Red alert: Heatwave Lucifer grills Europe as study says heat may kill 150K Europeans a year by 2100
Ten southern and central European countries have declared a red alert after heatwave ‘Lucifer’ caused temperatures to skyrocket over 40C, with scientists warning that the extreme heat could end up killing 152,000 people a year by 2100.
Italy, Switzerland, Hungary, Poland, Romania, Bosnia-Herzegovina, Montenegro, Croatia, Slovenia, and Serbia are on red alert, European forecast network Meteoalarm said on Saturday.
Florence’s famous Uffizi Gallery was temporarily closed on Friday after the museum’s air conditioning system broke down, ANSA news agency reported.
Greece, Spain, Bulgaria, France, Macedonia, Slovakia, and Moldova have issued orange alerts to stress the potential for worsening weather conditions.
At least two people have died from the heat, one in Romania and one in Poland, Reuters reported, adding that many more have been taken to the hospital for sunstroke.
“In two hours of my shift today I saw four people fainting on the street and complaining of heat exhaustion,” a traffic warden told Reuters in Belgrade.
Authorities in Serbia, Bosnia, Macedonia, and Croatia advised people to stay indoors to avoid the heat, with temperatures expected to stay around 40C (104F) next week.
Record-high temperatures hit Croatia, with Split Airport recording 42C, breaking the previous record of 40C in 2015.
Scientists warned on Friday that Europe’s death toll from weather disasters could rise 50-fold by the year 2100, with weather-related disasters, such as heatwaves and cold waves, wildfires, droughts, river and coastal floods, and windstorms, which could affect about two-thirds of the European population annually by the end of the century.
“We found that weather-related disasters could affect about two-thirds of the European population annually by the year 2100 (351 million people exposed per year [uncertainty range 126 million to 523 million] during the period 2071–100) compared with 5% during the reference period (1981–2010; 25 million people exposed per year). About 50 times the number of fatalities occurring annually during the reference period (3,000 deaths) could occur by the year 2100 (152,000 deaths [80,500–239,800]),” researchers said in a study published in The Lancet Planetary Health journal.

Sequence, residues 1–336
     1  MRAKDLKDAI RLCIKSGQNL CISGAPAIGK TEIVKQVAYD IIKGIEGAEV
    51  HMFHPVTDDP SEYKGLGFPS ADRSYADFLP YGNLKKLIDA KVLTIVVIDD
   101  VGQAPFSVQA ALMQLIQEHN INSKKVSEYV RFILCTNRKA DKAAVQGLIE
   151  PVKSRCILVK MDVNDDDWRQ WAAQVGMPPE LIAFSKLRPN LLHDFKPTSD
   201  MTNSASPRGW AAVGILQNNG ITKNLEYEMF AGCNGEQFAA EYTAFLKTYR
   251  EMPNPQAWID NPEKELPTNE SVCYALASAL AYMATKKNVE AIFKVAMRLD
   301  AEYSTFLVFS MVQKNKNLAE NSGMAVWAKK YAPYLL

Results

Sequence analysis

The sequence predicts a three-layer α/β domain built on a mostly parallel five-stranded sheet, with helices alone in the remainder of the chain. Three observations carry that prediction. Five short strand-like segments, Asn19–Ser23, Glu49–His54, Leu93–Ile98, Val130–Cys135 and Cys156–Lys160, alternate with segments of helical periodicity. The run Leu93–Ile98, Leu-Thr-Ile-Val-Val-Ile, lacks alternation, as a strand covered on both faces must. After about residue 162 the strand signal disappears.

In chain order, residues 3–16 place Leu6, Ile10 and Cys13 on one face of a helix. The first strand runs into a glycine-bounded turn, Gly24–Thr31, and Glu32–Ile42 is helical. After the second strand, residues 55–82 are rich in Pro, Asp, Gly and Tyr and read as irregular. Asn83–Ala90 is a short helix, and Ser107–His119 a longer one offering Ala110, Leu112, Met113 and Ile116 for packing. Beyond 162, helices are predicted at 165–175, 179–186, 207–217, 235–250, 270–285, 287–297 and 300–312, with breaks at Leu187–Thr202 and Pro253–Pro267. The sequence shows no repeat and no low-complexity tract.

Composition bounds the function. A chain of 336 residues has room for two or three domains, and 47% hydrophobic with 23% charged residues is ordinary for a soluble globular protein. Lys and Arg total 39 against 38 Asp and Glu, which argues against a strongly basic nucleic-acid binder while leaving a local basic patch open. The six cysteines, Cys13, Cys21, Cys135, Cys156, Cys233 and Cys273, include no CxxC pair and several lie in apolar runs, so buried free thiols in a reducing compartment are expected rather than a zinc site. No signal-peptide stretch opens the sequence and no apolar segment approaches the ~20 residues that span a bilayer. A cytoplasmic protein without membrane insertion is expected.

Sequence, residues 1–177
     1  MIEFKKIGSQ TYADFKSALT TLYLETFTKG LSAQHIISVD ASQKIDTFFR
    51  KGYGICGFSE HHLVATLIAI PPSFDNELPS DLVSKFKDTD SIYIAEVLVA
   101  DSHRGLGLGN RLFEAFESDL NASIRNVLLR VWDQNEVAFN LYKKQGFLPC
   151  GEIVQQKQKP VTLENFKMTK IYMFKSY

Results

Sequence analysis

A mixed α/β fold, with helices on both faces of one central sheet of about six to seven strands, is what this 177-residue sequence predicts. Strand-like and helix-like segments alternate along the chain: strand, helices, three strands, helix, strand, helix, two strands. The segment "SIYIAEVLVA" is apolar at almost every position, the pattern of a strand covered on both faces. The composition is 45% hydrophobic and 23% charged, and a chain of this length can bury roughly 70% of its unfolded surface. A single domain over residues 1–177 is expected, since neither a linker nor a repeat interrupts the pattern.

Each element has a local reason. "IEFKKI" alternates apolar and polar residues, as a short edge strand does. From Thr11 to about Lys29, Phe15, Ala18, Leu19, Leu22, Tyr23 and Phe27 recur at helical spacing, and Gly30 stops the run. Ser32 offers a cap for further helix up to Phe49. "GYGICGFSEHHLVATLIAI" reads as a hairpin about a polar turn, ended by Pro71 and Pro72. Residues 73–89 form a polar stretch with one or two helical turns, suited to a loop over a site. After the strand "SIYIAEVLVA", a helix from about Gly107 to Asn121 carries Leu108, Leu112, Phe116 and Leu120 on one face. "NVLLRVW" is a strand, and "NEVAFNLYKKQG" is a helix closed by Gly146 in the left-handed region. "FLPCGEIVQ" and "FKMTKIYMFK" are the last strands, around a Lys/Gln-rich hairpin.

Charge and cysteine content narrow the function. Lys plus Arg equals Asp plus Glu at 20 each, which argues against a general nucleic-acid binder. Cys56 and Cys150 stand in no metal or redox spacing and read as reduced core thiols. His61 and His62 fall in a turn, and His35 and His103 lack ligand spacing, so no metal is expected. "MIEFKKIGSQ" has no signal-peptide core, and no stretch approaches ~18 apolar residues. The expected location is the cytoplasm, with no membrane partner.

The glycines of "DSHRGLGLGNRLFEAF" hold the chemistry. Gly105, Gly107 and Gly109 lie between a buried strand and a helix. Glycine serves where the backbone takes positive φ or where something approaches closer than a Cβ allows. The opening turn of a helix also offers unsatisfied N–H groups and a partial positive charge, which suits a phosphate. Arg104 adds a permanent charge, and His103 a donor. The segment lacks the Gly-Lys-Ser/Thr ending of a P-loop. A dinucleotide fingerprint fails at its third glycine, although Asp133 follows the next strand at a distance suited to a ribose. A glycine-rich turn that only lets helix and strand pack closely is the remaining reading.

The detailed study found that “unless global warming is curbed as a matter of urgency and appropriate adaptation measures are taken, about 350 million Europeans could be exposed to harmful climate extremes on an annual basis by the end of this century.”
Researchers scrutinized the effects of the most commonly found weather-related disasters in the 28 EU states, as well as Switzerland, Norway, and Iceland, analyzing disaster records from 1981 to 2010. The challenge was to combine past records with calculations of how climate change is likely to evaluate and what consequences this may cause.
“Heatwaves are the most lethal weather-related hazard,” researchers noted, adding that during the reference period (between 1981 and 2010), 2,700 heat-related fatalities per year were reported in Europe by the disaster databases.
“This number is projected to grow exponentially, to reach 151,500 by the period 2071–2100, or 99% of the total future weather-related disaster death toll,” they warned.